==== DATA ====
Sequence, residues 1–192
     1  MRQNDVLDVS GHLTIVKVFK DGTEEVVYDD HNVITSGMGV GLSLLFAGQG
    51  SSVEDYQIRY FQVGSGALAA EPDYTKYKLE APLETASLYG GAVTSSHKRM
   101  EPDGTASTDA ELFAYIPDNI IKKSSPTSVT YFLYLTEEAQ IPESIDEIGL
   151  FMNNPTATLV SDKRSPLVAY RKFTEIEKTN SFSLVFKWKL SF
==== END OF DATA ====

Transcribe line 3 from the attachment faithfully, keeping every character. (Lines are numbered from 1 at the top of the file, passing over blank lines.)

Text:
    51  SSVEDYQIRY FQVGSGALAA EPDYTKYKLE APLETASLYG GAVTSSHKRM